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She felt rpgs were about archetype and stories were about character. There's some truth to that sometimes I suppose.
I'd say the difference is that stories are about concrete characters and events, RPGs are about the space of possible characters and events.

A lot stories don't translate well because the space of possibilities is limited the characters and events of the stories and not much else.
 

David Johansen

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I think an author has more time and opportunity to develop a character than you usually get in an rpg and some rpgs like D&D are very much about archetype but others like GURPS are very much about character (points).
 

LikelyArrow

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I think an author has more time and opportunity to develop a character than you usually get in an rpg and some rpgs like D&D are very much about archetype but others like GURPS are very much about character (points).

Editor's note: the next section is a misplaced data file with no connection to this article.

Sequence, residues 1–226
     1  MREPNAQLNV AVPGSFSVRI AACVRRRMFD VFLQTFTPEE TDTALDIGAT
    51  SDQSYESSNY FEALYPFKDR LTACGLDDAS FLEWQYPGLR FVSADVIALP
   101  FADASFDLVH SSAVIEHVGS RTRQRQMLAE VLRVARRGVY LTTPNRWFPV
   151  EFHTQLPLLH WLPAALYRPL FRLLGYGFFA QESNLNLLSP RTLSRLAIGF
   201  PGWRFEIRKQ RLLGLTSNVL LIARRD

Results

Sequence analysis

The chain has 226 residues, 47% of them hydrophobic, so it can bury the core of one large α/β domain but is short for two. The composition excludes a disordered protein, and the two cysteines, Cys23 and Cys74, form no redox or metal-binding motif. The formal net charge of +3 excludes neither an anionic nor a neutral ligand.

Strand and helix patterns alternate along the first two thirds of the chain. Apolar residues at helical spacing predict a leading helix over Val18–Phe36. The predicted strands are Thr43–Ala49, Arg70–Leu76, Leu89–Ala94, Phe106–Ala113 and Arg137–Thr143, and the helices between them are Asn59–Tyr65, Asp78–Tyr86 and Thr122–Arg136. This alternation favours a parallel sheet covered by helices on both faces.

That's part of it. But some settings simply aren't developed beyond the bare minimum needed for the original works set in it. As an example, Stargate SG-1 is a viable campaign setting; but a game based off the original Stargate movie, where the gate went only between Earth and Abydos, wouldn't be.

Another big challenge, especially in heroic fantasy, is that the actions of the canonical protagonists are often just way, way, way more interesting than anything your group will ever get up to. So even if the world is viable in principle, it may just not work in practice. (I'd argue the old d20 Wheel of Time RPG suffered from this.)
 

3rik